A recently released internal 2017 Veterans Affairs report shows that black veterans were denied PTSD benefits more often than their white counterparts.
The analysis analyzed claims data from fiscal year 2011 through 2016 and showed that African-American veterans seeking PTSD disability benefits were denied 57% of the time, compared to 43% for white veterans. The report emerged as part of an open records lawsuit filed by an advocacy group for black veterans.
Terrence Hayes, a spokesman for the Department of Veterans Affairs, said the agency did not immediately have updated data on a racial breakdown of PTSD disability benefit awards and said the agency «is collecting the data and will share it once we are fully compiled.
Hayes wrote in an email that the agency could not comment on any ongoing litigation, but that VA Secretary Denis McDonough is committed to addressing racial disparities when it comes to VA benefits.
Hayes noted that earlier this month, McDonough acknowledged the disparities and announced the creation of an Equity Team, telling reporters: «The first order of business for that team will be to investigate the disparities in grant rates for black veterans.» , as well as all minority and historically underserved veterans. – and delete them.”
Richard Brookshire, a black veteran who served in Afghanistan as a combat medic, co-founded the Black Veterans Project in Baltimore, which filed the freedom of information request lawsuit. He says he’s frustrated that the government aggressively recruits black soldiers from black neighborhoods, but the VA can’t share data on disparities. “If they don’t know, it’s because they don’t want to know,” he said in an interview with NBC Washington.
Brookshire said the VA initially provided it with raw data from 2002 to 2020 that was analyzed by a Columbia University team, and the data showed disparities, but the VA did not share its 2017 analysis until it filed the FOIA complaint.
The 2017 analysis is significant because investigation has shown that minority veterans had higher rates (5.8%) of PTSD than non-minority veterans (5%). Black Vietnam veterans were found to have higher rates of PTSD, in part because they were more likely to be in combat than their white counterparts.
The disparities were highlighted in a series of reports by NBC News Now and local NBC stations in a series called «American Veterinarians: Benefits, Breed, and Inequality.«
‘I would wake up fighting’
Ronnie Forbes, a black veteran living in Livermore, California, enlisted in the Army in 1984 and was deployed to Korea, where he was stationed in the Demilitarized Zone. He says that’s where he developed PTSD from living in a constant state of readiness. «I couldn’t sleep at night, he was hearing all kinds of things and anxiety attacks,» he said. NBC Bay Area Reporter Bigad Shaban.
In 2015, he filed a PTSD service-connected disability claim with the VA. Nine months later, the VA turned him down. With the help of advocacy groups, he appealed the VA’s decision multiple times and received retroactive approval last month, seven years after his initial denial.
Forbes told Shaban that he believes racism played a role in his years-long pursuit of PTSD benefits. “I dealt with this in the military and now out of the military,” he said. «As a veteran, I am dealing with the same issues through this appeals process.»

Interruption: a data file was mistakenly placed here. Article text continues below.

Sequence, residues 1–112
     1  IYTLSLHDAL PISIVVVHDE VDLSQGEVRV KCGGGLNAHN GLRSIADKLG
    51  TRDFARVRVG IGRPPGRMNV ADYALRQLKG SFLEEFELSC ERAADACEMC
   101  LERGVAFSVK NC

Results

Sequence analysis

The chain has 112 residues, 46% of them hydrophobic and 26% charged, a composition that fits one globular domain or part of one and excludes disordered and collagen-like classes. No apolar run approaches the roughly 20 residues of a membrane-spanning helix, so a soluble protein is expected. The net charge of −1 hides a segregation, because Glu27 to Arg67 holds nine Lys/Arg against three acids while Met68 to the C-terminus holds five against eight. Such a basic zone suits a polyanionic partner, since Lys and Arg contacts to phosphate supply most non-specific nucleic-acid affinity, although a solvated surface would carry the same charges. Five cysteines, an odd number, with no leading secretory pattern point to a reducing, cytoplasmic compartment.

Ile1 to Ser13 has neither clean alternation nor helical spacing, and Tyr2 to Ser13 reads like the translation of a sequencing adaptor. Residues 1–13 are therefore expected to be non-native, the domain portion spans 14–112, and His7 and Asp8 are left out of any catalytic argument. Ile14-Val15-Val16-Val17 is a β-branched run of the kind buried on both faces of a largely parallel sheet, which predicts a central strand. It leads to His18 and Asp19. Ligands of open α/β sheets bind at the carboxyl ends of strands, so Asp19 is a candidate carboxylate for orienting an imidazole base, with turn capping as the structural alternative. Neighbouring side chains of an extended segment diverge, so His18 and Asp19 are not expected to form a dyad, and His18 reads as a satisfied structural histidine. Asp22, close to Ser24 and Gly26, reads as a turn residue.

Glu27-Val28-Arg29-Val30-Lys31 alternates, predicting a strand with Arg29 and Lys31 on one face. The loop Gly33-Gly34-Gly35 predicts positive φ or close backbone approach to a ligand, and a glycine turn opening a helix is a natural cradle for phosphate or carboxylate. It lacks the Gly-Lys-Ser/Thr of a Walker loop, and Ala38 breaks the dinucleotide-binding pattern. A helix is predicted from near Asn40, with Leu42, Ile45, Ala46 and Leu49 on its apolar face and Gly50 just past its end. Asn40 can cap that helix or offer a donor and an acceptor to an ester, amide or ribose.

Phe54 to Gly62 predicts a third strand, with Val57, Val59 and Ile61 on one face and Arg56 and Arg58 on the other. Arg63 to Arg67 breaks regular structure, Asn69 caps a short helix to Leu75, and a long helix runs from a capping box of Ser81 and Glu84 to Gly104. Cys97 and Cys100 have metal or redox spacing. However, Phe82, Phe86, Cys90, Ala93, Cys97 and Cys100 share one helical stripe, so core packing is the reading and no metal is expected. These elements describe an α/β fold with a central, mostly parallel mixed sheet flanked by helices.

Conley Monk Jr., 74, of Connecticut, served as a Marine in Vietnam and says he remains haunted by a gruesome incident in which a fellow Marine ran over a Vietnamese man right in front of him. He says that he did not know at the time that this incident and the violence he witnessed in Vietnam had contributed to his post-traumatic stress disorder. “Ever since I got back from Vietnam, I knew I had a problem, but I didn’t know what it was. I knew that every time I would get angry when someone put their hands on me, I would react and get in trouble.
Monk says that after his service in Vietnam, he was transferred to Okinawa, where he had two altercations that he attributes in part to a «constant state of fear and hypervigilance,» according to court documents.
He said NBC Connecticut reporter Kyle Jones in Hartford who often slept poorly. “You know, my sisters, or brothers, anyone who put their hand on me, I would wake up fighting. I knew then that she had a problem. But I didn’t know the name of that.»
He says that after the riots in Okinawa, he agreed to an «undesirable dismissal» but did not understand that it could negatively affect his eligibility for VA benefits. Monk says it took 40 years for his discharge to be reversed.
In early March, Secretary McDonough said the agency was «struggling with race-based disparities in VA benefit decisions and military discharge status.»
Forbes told Shaban that he is grateful that the department acknowledges that they fell short. “I’m a little relieved that they’re acknowledging what’s going on. That’s kind of a relief to me,» he said. «Now we know what the problem is. Now let’s work on the solution.»
This article was published by Lucy Bustamante in NBC Philadelphia, Kyle Jones and Katherine Loy in NBC Connecticut, Tracee Wilkins and Rick Yarborough in NBC Washington, Bigad Shaban and Michael Bott in NBC Bay Area, Mark Mullen and Mike Dorfman in NBC San Diego, Noreen O’Donnell of NBCU Local and Laura Strickler of the NBC News Investigative Unit.